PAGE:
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'Not A Charity': SC Upholds Rights Of Muslim Women To Seek Alimony

The Supreme Court of India observed that a Muslim woman can seek alimony from her ex-husband after divorce, under Section 125 of the Criminal Procedure Code.

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Tanya Savkoor
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The Supreme Court of India observed on July 10 that a Muslim woman can seek alimony from her ex-husband after divorce, under Section 125 of the Criminal Procedure Code. The bench comprising Justice BV Nagarathna and Justice Augustine George Masih ruled that the law for seeking maintenance applies to all married women, irrespective of their religion. The Court also said that alimony is not a charity but a fundamental right reinforcing the principle of gender equality and financial security for all married women.

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Financial Security Of Women

The Supreme Court asserted that every married woman, including homemakers, is entitled to financial security. The bench stated that homemakers must be given the right to hold joint accounts and access to ATMs. The Court noted that it is time for Indians to recognise the role played by homemakers in the family.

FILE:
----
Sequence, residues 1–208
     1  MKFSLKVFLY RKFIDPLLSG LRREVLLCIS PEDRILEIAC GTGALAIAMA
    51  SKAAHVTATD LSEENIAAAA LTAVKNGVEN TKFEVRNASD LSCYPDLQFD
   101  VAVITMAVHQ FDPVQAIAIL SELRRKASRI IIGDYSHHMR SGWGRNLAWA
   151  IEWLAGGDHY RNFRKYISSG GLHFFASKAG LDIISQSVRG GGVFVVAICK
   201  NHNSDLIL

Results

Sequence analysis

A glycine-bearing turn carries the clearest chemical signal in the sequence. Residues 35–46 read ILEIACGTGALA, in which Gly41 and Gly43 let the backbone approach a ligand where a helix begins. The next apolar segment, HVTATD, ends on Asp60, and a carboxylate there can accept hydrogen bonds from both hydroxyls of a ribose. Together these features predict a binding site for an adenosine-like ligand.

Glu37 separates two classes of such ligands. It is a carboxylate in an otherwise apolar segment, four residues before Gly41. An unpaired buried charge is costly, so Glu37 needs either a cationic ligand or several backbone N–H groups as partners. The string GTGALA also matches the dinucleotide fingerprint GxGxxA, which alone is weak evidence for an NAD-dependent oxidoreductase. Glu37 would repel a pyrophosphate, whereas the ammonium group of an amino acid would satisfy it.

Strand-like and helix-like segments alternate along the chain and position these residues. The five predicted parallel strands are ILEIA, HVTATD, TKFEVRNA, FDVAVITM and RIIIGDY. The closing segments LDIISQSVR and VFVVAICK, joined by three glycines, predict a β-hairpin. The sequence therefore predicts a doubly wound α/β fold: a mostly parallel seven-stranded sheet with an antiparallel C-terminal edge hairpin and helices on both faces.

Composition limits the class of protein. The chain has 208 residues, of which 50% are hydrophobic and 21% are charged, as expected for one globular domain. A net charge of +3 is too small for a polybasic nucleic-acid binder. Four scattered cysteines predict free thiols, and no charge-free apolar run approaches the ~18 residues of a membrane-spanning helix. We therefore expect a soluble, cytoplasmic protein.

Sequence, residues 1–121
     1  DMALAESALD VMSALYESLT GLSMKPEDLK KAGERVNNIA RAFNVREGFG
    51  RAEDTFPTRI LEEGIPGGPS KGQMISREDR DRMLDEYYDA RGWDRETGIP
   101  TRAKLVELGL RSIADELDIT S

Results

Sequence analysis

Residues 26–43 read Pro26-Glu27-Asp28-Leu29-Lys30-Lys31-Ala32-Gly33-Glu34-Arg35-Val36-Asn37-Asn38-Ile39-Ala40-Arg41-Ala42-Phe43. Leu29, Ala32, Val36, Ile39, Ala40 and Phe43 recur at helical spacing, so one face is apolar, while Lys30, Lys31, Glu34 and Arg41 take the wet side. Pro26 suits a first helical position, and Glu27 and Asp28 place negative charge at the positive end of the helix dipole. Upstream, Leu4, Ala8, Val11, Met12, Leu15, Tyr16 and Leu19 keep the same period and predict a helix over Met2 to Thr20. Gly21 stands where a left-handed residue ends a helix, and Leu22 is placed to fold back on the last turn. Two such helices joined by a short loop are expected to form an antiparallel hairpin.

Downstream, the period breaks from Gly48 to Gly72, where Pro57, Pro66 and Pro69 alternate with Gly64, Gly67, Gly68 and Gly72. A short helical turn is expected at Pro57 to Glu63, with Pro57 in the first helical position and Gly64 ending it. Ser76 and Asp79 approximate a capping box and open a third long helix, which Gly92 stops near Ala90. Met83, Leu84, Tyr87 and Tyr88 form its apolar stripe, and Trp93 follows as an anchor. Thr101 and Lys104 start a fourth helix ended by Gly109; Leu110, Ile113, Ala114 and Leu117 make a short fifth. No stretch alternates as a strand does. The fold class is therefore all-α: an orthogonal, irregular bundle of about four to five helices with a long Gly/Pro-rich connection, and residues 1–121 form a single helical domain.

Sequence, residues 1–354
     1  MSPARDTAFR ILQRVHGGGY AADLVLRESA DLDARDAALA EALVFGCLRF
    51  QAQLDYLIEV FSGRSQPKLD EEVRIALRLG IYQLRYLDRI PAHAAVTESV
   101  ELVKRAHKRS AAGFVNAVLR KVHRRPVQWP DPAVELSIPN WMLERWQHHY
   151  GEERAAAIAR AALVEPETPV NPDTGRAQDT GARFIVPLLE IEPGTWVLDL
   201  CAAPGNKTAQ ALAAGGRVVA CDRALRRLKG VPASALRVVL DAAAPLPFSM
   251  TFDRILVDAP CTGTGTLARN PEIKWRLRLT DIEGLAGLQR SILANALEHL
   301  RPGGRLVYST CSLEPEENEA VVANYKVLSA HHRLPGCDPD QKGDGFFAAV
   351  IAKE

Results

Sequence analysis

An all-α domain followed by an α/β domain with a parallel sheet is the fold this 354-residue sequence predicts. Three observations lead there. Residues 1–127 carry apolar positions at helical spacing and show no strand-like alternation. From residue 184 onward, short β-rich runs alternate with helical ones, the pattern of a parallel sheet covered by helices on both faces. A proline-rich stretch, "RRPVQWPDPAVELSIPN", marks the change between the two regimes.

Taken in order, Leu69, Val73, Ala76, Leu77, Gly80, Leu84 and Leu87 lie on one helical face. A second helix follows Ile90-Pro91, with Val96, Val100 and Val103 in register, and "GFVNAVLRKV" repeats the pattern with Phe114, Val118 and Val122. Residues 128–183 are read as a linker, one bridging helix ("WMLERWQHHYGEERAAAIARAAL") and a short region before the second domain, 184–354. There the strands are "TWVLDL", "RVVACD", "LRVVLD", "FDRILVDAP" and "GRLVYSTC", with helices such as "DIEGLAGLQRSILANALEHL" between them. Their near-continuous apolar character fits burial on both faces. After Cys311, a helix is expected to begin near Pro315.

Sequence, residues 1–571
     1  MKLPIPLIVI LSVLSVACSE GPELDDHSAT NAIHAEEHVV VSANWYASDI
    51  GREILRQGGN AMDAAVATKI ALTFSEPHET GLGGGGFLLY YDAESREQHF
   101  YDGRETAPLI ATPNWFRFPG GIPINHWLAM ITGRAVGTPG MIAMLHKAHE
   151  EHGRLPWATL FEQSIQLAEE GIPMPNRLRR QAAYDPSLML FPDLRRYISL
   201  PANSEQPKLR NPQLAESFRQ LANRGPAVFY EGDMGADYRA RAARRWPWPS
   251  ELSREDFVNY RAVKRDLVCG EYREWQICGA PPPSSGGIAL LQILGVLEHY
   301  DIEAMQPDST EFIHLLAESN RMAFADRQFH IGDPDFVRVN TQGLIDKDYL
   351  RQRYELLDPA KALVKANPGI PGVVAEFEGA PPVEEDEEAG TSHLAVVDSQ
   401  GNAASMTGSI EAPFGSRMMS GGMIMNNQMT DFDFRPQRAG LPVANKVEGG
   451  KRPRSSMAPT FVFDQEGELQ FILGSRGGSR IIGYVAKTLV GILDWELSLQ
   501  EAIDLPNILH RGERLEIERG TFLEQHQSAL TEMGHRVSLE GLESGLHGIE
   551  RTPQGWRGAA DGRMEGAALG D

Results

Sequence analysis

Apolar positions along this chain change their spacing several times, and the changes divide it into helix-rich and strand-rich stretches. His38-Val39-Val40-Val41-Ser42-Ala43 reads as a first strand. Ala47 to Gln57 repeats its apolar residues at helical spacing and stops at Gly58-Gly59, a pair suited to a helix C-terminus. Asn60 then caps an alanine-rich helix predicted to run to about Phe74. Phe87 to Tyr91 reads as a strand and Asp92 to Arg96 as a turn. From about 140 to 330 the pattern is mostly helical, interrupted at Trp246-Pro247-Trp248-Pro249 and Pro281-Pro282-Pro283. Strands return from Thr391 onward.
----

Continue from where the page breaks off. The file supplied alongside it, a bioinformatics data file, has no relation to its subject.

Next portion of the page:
Justice Nagarathna said, “Some husbands are not conscious of the fact that the wife, who is a homemaker, is dependent on them emotionally and in other ways. The time has come when the Indian man must recognise a homemaker’s role and sacrifice," as she highlighted the necessary measures.

"We highlight the necessity for husbands to provide financial support to their wives... practical measures such as maintaining joint bank accounts and sharing ATM access to ensure economic stability for women within the household," the court said, according to a report in The Mint.

The Court was hearing a petition by Mohd Abdul Samad, who was directed by a family court to pay a monthly allowance of ₹20,000 to his divorced wife. Samad challenged this ruling in the Telangana High Court, which modified the amount to ₹10,000. He then approached the Supreme Court

His counsel argued that divorced Muslim women can seek recourse to the Muslim Women (Protection of Rights on Divorce) Act, 1986 Act. Amicus Curiae Gaurav Agarwal countered that the personal law does not take away a woman's entitlement to relief under the gender-neutral CrPC.

According to the Muslim Women (Protection of Rights on Divorce) Act of 1986, women can only ask for maintenance during the iddat period, a period of 90 days after a divorce. However, the latest ruling states that Section 125 of the Criminal Procedure Code applies to every individual, regardless of their religion. 

Muslim Women divorce Alimony
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